I really felt that for the first time in the Highland Circuit of the Redlands Bicycle Classic last year. On the final lap, our only option for a result up the punchy hilltop finish was James. I think I was holding a top ten GC position but in that moment I didn’t care anymore. I saw an opening with 2km to go and drove James to the base of the climb in second wheel where he launched a searing attack and nabbed a 3rd place finish. I, on the other hand, was completely spent and lost 2 minutes in the last 500m. But that was it. I was racing for now and not biding my time for minor result or conserving for the stages to come. The next night the team took control of the iconic Redlands criterium and took a 1-2 finish with Sam Bassetti taking the biggest win of his career to that point. The train was rolling and we didn’t look back.
We won a stage of Joe Martin next, racked up criterium wins across the country and put an exclamation point on the early season with Sam’s stunning victory at the UCI Winston Salem Classic. There were growing pains and some tough post race meetings but the results were incredible. For me the season’s high point came when James and I took on Canada’s biggest stage race at the Tour de Beauce. After a run of disappointing stages for us both, we attacked the final weekend and launched James into a massive come from behind victory. I think that was when James really became a winner and when I showed my true value as a teammate.
Jordan at Redlands
“Its going to be a tough week for Picolli, his team is one of the weaker ones here”
That’s what we all got to hear from the commentators watching the rebroadcast of Stage 1 of the 2019 Tour of Utah. James had the yellow jersey and Elevate-KHS was ranked number one on the domestic circuit. It didn’t matter at all. To the larger cycling media we were still a rag tag team lucky to even share the road with our Pro Continental and World Tour competitors. Even the race officials seemed to write James and the team off, penalizing him 20 seconds after a routine mechanical and a textbook chase back to the bunch. It seemed like a forgone conclusion that we would mess this up somehow. James was a star on his own and at some point his underpowered little team would let him down.
James winning at the Tour of Taiwan
That never happened. Everyday the team had complete focus never left any doubt. On Stage 3 we even took control on one of the hardest stages of the race and shredded the peloton to try to set James up for the win. Israel Cycling Academy’s Ben Hermans was too strong and James could never shake him from the overall lead once he took it on Stage 2. Nonetheless, the team effort was almost flawless. Our TT specialist George Simpson singlehandedly drove the peloton across Utah to protect our position. Our so-called sprinters Eric, Uli and Alfredo used their speed to deliver James to the bottom of the key climbs in prime position. I tried to call the right shots on the road and stay with James over the grueling climbs as the race shattered nearly every day. James was unflappable and never gave up all the way until the finish line in Park City.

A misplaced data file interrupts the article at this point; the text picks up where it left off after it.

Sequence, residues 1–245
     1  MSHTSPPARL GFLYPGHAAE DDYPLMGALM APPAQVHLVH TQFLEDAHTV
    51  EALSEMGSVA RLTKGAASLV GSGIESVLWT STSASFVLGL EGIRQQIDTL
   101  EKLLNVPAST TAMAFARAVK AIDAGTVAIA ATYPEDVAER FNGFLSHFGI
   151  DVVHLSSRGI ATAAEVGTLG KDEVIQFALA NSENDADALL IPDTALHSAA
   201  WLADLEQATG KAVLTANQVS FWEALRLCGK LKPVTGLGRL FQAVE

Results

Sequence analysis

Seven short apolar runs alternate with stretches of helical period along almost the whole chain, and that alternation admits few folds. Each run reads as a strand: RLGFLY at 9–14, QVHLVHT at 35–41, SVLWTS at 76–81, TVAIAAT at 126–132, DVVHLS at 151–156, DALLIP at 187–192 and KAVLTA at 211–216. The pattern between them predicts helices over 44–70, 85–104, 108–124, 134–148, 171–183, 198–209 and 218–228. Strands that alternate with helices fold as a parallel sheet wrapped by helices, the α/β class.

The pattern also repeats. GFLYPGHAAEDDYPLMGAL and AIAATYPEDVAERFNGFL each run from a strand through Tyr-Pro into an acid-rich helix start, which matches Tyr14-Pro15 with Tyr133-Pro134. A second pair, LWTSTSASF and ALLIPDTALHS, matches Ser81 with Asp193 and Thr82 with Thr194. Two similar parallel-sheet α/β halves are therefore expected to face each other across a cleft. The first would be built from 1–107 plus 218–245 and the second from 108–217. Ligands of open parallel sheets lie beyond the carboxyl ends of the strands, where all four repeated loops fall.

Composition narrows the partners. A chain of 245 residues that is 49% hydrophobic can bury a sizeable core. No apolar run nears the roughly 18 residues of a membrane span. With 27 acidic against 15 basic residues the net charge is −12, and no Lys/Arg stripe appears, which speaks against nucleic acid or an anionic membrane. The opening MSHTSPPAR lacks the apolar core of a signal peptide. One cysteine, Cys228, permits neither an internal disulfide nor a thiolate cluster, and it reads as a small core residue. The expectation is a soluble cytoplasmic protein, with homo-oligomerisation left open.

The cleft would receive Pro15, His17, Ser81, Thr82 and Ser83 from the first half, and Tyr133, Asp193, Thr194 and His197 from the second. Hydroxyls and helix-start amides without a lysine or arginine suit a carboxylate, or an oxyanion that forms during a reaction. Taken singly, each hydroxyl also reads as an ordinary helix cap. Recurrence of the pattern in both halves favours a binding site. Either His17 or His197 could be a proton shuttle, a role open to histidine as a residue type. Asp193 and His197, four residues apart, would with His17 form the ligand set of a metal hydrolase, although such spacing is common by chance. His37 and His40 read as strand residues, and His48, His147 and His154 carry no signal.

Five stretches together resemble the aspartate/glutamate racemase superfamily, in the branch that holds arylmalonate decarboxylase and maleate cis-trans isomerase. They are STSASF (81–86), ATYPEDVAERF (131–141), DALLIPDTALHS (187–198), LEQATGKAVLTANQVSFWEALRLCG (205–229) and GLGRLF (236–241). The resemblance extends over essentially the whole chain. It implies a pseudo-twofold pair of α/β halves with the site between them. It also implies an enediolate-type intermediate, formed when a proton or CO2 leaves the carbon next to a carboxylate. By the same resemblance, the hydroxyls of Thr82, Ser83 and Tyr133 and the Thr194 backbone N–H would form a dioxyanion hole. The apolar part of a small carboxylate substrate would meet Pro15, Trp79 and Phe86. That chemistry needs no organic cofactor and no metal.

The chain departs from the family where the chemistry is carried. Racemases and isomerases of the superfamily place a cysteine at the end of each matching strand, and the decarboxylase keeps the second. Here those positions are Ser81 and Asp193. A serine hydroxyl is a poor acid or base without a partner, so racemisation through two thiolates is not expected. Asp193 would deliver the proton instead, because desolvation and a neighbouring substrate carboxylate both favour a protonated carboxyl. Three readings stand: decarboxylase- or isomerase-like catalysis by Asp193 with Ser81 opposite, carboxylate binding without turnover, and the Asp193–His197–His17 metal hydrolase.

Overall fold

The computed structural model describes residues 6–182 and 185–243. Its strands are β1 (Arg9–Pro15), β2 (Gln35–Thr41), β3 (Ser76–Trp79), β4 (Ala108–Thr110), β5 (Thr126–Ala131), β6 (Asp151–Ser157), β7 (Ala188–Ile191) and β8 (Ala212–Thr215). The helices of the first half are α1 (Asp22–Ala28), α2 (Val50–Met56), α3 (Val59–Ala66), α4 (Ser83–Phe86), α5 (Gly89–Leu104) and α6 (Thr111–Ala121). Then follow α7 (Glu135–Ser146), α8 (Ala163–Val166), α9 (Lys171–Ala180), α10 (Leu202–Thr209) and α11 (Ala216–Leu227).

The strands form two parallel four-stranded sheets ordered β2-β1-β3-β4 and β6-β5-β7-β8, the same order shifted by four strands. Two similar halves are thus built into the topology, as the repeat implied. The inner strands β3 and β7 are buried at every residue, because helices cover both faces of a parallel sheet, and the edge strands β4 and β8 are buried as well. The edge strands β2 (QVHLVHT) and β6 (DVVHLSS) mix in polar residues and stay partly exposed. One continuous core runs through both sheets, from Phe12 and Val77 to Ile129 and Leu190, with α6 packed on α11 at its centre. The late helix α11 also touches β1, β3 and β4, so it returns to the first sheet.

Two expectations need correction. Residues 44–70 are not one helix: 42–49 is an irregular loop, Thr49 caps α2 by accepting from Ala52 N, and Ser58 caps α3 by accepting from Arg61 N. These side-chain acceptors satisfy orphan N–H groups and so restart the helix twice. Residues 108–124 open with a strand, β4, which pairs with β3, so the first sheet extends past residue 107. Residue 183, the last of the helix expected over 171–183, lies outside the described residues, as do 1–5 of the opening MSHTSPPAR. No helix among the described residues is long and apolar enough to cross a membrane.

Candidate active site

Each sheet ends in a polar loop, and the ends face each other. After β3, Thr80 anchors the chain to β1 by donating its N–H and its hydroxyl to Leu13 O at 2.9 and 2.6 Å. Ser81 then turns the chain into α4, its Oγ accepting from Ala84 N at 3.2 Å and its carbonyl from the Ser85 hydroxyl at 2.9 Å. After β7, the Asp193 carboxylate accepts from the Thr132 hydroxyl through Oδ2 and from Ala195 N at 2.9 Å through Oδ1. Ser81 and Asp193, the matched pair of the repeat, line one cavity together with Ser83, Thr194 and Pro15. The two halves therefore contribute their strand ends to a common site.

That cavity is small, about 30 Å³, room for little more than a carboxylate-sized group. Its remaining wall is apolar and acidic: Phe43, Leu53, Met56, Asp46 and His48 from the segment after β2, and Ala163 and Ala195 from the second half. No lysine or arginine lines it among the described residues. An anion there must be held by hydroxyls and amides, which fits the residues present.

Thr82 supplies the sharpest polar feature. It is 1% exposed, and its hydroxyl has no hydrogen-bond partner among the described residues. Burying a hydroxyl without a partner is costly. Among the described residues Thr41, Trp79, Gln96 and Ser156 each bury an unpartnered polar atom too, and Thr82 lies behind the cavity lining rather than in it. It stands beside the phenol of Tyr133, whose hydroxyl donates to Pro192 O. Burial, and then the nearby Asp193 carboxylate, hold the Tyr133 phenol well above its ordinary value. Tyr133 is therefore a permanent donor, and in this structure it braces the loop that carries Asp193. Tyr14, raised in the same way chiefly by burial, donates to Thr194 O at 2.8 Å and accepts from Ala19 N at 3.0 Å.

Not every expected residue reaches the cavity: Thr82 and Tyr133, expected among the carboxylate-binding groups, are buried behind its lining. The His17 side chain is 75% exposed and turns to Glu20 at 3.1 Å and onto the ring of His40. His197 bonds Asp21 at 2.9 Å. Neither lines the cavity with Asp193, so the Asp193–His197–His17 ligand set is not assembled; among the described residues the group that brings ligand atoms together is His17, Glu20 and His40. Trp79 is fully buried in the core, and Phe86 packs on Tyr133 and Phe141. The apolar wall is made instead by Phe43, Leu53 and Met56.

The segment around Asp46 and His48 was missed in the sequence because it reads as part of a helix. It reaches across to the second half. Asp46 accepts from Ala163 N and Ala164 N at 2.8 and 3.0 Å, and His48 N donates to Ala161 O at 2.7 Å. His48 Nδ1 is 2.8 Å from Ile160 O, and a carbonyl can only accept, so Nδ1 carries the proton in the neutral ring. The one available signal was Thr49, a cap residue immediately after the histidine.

After the finish the mood wasn’t the jubilation of victory but the satisfaction of a job well done. It wasn’t about proving anyone wrong but I think we ticked that box along the way. A stage win, a well defended 2nd place overall and the most aggressive rider’s jersey in the biggest domestic race on the calendar speak for themselves.
Ratcheting up the pace for James
Racing for Today
It wasn’t the end of the Elevate-KHS story by any means but for me it was the perfect ending to our defining chapter. We left almost nothing on the table this season and won wherever we went. Personally I won 5 races in 2019 and took my career to a new level. In my two seasons on Elevate-KHS we have won over 100 times. For reference, in my 2 years at Jelly Belly our “W” column was in the single digits.
James might be the best outward representation of our success. He has fulfilled the lofty requirements for a rider our age to move up in the sport. He bought into the team and Paul’s philosophy and did “the thing”. He won and he won a lot. Wherever he lands in 2020, he earned his spot by going for it every single time that we lined up on a starting line. He raced for today and it paid off.
Elevate-KHS has raced for today every race day for the past two seasons. It is amazing the difference that change in mindset has made. Cycling is a sport full of excuses, ego and preconceived limitations that can cause a team to lose races before they even start. When you breakthrough all of that the path is clear to achieve what you are actually capable of as a team. That has been the story of Elevate-KHS and it has been the ride of my life.
RBC crit win